The Best Meteor Shower of the Year Peaks Tonight—Here's How to See It

Isabel Garcia
·2 mins read
Photo credit: Bob Riha Jr - Getty Images
Photo credit: Bob Riha Jr - Getty Images

From House Beautiful

While new TV shows and movies releases are being delayed due to the ongoing pandemic, the sky continues to put on the best celestial shows of the year—from a "ring of fire" solar eclipse to a newly discovered comet. For another unforgettable astronomical sight, sky watchers are going to want to stay up late tonight because the Perseid meteor shower is peaking after midnight.

What Are the Perseids

The Perseids are considered to be the most impressive meteor shower of the year because of the high number of meteors per hour as well as the nice summer weather. Active during the summer in the Northern Hemisphere, the Perseid shower is caused by debris from the comet 109P/Swift-Tuttle. During its peak, 50 to 100 meteors can be seen per hour, according to NASA. Perseids are also popular thanks to their fireballs, which are large explosions of light and color that can last longer than a meteor streak. They're also brighter than meteors.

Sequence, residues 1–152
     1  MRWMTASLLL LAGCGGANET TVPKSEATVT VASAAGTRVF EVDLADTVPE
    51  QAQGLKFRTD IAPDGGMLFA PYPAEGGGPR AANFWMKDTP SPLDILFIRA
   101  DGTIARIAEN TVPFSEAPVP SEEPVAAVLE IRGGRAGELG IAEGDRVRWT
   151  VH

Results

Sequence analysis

When to Look up

The best time to view the Perseids is between 2 a.m. and dawn (your local time), according to NASA. Normally, we love seeing the moon shining brightly, but the brightness of tonight's moon, which rises at 12 a.m., will reduce the visible meteors from more than 60 per hour down to about 15 to 20 per hour. Still, you won't want to miss the meteors and fireballs.

If you don't want to stay up too late, you can catch the Perseids after dark (typically around 9 p.m.). You just won't see as many meteors as you would later in the early morning.

How to Watch the Perseids

The meteor shower can be viewed just your eyes, so you won't need telescopes or binoculars to watch. In fact, NASA says that telescopes and binoculars usually aren't encouraged since they have small fields of view. The meteors—some of which are from other active showers like the Alpha Capricornids—can be seen all across the sky so you don't have to look in a particular direction. Just be sure to let your eyes adjust to the dark, which typically takes about 30 minutes.

If the sky is cloudy or you can't find a good spot to view the shower in person, you can livestream it here.

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